How Airport Security Scanners Work

As you go through airport security screening, you’ve probably seen those security scanners before. They are used to monitor passengers as they go through the airport. Airport scanners use various technologies to check passengers and their belongings for prohibited items, and they play a crucial role in maintaining safety in our watchful world. Thanks to their unwavering dependability, user-friendly interface, and remarkable versatility, these devices have progressively cemented their status as an integral fixture in numerous airports worldwide.

The Technology Behind Airport Security Scanners

When you step into an airport security checkpoint, it’s easy to take for granted the intricate technology at play. However, airport security scanners are marvels of engineering and science. Some of the technologies that power these remarkable devices are:

Advanced Algorithms and Image Processing

The heart of airport security scanner technology lies in the algorithms and image processing techniques that enhance security and reduce false positives. These algorithms analyse the scanned images and automatically flag any suspicious items for closer inspection. As a result of this intricate technology, airport security scanners have become highly proficient at identifying potential threats.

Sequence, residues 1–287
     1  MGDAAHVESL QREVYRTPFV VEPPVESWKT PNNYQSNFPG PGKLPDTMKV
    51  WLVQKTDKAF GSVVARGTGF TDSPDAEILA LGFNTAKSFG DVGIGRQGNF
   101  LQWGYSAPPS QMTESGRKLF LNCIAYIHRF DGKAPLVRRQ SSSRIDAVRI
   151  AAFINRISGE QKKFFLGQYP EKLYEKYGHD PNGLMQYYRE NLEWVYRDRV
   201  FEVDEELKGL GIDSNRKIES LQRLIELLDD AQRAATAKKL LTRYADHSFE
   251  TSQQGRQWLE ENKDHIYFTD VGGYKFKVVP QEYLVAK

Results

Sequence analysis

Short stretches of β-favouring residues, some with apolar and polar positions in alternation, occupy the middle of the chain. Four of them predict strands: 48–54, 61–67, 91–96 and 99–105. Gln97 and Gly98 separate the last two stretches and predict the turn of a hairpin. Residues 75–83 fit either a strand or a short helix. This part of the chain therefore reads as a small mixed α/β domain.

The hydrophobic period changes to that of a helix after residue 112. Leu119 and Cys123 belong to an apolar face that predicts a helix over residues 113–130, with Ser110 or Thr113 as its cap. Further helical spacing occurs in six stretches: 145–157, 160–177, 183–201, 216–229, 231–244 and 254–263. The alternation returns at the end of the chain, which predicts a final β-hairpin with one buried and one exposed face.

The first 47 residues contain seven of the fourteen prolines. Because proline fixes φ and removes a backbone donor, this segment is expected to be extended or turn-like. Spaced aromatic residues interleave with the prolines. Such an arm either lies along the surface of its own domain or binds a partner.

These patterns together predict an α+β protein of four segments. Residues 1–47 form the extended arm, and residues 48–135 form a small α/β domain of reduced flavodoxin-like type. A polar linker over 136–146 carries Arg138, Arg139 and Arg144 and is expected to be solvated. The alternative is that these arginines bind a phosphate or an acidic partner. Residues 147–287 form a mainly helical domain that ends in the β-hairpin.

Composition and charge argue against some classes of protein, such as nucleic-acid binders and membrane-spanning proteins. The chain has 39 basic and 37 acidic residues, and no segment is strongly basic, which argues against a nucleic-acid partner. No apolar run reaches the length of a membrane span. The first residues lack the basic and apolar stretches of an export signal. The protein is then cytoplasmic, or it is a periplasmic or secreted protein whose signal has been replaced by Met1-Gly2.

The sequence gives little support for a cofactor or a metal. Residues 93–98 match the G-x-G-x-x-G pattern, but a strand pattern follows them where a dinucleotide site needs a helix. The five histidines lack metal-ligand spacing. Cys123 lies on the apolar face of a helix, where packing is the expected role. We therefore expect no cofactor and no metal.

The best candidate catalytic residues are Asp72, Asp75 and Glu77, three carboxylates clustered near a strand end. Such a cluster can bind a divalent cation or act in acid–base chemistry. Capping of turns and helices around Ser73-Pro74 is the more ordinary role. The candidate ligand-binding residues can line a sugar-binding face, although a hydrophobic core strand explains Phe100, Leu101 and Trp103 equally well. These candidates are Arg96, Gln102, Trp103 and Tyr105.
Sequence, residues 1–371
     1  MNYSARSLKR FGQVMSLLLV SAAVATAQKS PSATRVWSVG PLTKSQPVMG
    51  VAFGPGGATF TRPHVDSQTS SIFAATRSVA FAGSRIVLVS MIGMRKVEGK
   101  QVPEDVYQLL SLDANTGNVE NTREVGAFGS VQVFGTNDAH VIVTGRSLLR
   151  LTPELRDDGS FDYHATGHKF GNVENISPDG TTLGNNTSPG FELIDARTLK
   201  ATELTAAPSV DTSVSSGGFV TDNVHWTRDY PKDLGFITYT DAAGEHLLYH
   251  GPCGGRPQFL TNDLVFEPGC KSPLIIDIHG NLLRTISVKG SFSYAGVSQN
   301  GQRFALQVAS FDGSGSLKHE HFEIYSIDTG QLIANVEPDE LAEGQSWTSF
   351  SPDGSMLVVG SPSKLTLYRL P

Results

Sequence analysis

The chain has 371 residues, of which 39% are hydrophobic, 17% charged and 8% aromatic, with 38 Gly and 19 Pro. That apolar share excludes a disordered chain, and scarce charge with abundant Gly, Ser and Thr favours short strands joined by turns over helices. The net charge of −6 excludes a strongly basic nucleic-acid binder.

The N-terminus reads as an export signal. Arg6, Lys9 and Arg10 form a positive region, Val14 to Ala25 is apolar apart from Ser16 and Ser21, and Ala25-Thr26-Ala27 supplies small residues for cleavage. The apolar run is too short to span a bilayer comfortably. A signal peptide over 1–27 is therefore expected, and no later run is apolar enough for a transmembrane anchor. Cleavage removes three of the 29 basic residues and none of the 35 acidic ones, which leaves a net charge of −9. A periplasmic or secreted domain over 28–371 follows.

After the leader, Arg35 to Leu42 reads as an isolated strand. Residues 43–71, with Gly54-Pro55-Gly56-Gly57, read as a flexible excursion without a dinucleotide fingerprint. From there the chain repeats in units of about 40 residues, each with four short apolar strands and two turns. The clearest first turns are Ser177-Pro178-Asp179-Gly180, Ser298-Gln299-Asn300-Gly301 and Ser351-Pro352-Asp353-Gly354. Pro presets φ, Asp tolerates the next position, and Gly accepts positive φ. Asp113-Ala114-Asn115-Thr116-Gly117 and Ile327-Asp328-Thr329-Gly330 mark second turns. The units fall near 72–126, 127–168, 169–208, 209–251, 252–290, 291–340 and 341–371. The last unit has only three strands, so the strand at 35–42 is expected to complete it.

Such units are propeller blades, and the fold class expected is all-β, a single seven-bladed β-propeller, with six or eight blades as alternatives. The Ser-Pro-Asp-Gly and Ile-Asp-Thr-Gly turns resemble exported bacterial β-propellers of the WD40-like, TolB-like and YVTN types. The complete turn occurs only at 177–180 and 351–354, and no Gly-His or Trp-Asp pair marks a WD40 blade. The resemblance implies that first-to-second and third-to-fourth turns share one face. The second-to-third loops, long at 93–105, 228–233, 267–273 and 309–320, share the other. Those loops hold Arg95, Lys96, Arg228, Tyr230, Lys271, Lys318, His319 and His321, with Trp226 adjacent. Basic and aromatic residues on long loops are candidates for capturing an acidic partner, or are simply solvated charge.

Automatic Threat Recognition (ATR) Software

ATR software is built into a lot of scanners, which makes them even more useful. ATR software uses machine learning and artificial intelligence to continuously refine threat detection algorithms. This ensures more efficient and accurate detection of concealed items, ultimately making air travel safer for passengers and airport personnel.

Privacy-Enhancing Technologies

While airport security scanners are pivotal in maintaining safety, they have sparked debates surrounding personal privacy. Millimetre-wave scanners, in particular, generate detailed images of a person’s body, raising concerns about privacy infringement. To address these concerns, airports have implemented privacy-enhancing technologies. These technologies, such as image blurring and the protection of individual anonymity, strike a balance between security and privacy, ensuring the dignity and rights of passengers are respected.

Types of Scanners Used in Airport Security Checks

Airport security employs two primary types of scanners: Backscatter X-ray devices and millimetre wave scanners.

Backscatter X-Ray Scanners

X-ray scanners examine a traveller’s luggage by directing a focused X-ray beam through it and to a sensor on the opposite side. The sensor then produces a detailed image for security personnel to review. These scanners identify explosives, weapons, and drugs in luggage.

Millimetre Wave Scanners

Passengers are screened using millimetre wave scanners. These scanners emit a low-power, non-ionising radio signal that bounces off the body and is detected by the scanner’s receivers. The scanner then creates a complete 3D picture of the subject’s body for review by security personnel. Millimetre wave scanners detect firearms, explosives, and items worn or carried covertly.